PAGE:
When I was nineteen I accompanied my friend, Abbott, to the tattoo shop. He was getting his family crest on his arm and it was going to take a while. I kept him company. I remember the sound of the place and the traffic passing by on the busy street outside. I remember his first winces until he became used to the steady pricking at his arm. And I can remember that we laughed a lot that day. But the only topic I can specifically recall us talking about was how profound it was to willingly put a mark on your body that would follow you to your grave.
Life is fabulously simple when you’re nineteen. Back then I knew exactly what I wanted out of life. I was an actress and it was all that I wanted to do. I thought that I might get married someday to some one dark and artistic, but no kids, thank you very much. I would travel the world. I knew my own mind and there was no one that could tell me different. Abbott was off to play football at UNLV.
But then life came at me quick, just as it does to most people. Years passed, and I fell out of touch with most of the friends that I’d had when I was nineteen. A few, like Abbott, I regret, but most I can look back now and see that we either outgrew our friendship or were never all that good for each other in the first place. I met a man who made me laugh and feel good about myself, and that ended up being far more important than anything else. I fell out of love with the theatre and in love with the stories in my head. I still wanted to travel but now had to figure out how to do it while juggling a day job and two kids. Life didn’t look a thing like the plan I’d had when I was nineteen.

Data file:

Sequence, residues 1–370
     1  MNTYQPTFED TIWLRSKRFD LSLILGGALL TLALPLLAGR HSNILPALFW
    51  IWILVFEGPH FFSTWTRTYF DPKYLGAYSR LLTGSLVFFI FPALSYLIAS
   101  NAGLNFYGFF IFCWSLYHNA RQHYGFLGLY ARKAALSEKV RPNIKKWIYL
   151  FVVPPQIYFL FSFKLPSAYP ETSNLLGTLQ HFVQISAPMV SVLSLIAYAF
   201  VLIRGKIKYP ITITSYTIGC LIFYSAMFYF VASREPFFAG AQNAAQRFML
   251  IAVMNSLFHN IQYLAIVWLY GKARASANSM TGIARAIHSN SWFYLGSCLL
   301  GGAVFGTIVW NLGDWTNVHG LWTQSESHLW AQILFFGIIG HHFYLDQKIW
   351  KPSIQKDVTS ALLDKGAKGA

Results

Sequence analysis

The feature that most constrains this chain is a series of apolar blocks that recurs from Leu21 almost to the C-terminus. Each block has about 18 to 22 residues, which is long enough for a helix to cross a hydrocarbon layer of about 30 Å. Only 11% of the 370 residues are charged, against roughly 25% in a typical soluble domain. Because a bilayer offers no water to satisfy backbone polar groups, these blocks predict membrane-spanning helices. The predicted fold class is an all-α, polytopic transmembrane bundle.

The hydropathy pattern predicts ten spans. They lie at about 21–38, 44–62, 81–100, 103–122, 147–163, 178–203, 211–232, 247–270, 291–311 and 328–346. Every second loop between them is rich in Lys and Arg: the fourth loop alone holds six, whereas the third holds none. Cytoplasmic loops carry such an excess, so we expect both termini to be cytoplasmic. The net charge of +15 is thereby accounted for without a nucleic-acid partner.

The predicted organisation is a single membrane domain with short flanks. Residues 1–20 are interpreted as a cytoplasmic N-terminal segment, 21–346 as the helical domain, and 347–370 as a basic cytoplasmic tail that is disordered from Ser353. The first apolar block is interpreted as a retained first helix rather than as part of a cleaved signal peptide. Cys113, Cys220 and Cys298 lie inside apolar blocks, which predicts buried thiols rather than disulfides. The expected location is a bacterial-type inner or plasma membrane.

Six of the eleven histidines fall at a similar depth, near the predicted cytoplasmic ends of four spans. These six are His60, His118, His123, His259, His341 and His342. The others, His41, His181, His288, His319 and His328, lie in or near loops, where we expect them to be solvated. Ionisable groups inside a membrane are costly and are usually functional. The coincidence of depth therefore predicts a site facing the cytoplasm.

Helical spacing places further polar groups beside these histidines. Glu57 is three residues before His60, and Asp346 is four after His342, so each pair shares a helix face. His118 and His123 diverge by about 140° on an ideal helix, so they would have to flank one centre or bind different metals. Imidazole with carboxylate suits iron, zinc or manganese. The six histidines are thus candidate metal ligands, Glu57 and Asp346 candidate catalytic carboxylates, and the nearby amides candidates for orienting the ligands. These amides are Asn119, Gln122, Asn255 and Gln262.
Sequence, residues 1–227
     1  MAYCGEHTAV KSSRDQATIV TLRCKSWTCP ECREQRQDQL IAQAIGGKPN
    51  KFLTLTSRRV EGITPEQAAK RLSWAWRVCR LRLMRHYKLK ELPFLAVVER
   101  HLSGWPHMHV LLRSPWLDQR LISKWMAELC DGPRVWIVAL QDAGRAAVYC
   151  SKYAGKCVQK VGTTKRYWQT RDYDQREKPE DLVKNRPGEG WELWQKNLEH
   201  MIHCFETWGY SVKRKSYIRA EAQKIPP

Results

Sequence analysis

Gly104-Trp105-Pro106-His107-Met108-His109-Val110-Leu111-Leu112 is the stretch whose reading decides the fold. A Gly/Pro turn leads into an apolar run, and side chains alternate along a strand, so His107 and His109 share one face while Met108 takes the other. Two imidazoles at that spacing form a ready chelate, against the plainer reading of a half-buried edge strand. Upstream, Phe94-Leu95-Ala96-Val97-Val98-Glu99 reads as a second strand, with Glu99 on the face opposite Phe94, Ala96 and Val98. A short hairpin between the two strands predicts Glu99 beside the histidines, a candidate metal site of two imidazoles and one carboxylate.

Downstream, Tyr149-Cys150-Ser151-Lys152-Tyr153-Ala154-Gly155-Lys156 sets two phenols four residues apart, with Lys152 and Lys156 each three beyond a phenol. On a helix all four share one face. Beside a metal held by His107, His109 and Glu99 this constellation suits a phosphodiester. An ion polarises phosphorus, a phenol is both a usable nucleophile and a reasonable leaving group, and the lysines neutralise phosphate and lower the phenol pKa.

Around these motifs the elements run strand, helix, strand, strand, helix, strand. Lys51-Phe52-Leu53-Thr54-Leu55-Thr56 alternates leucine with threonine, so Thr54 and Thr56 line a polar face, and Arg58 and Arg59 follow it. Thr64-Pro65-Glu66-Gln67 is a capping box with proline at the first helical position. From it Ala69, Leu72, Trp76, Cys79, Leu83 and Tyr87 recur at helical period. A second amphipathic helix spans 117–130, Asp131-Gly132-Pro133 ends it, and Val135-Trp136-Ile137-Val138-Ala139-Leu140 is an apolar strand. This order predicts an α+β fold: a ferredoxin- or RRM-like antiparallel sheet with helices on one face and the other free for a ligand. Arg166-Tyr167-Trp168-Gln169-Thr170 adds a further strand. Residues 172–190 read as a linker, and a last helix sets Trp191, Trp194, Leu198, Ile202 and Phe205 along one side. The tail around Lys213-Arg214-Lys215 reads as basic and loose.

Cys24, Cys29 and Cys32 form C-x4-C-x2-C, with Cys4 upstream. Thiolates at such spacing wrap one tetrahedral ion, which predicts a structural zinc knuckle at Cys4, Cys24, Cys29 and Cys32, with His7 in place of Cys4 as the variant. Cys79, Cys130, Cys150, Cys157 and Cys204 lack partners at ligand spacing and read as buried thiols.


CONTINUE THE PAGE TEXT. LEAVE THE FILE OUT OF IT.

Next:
Looking back, I can’t imagine what my life would like if all of my nineteen-year-old dreams had come true. That’s not entirely true. What I mean to say is, I can’t imagine me happy if those dreams had come true. I seized different days than I thought I would. I said yes to things my teenage self never could have imagined agreeing to, and no when my heart didn’t line up with my head’s vision of the future.
I was in a pub when I found out that Abbott had died. An old friend who worked there told me. Car accident. His memorial service was filled stories of all the things he’d done since I’d seen him last. He’d mastered kung fu and become a vegan. Wow, didn’t see that coming. He lived a short, brilliant, beautiful life. And while I’m sorry that I only got to share a little of it with him, the truth is when we walked out of that tattoo studio that day fifteen years ago, he and I just choose to seize different days.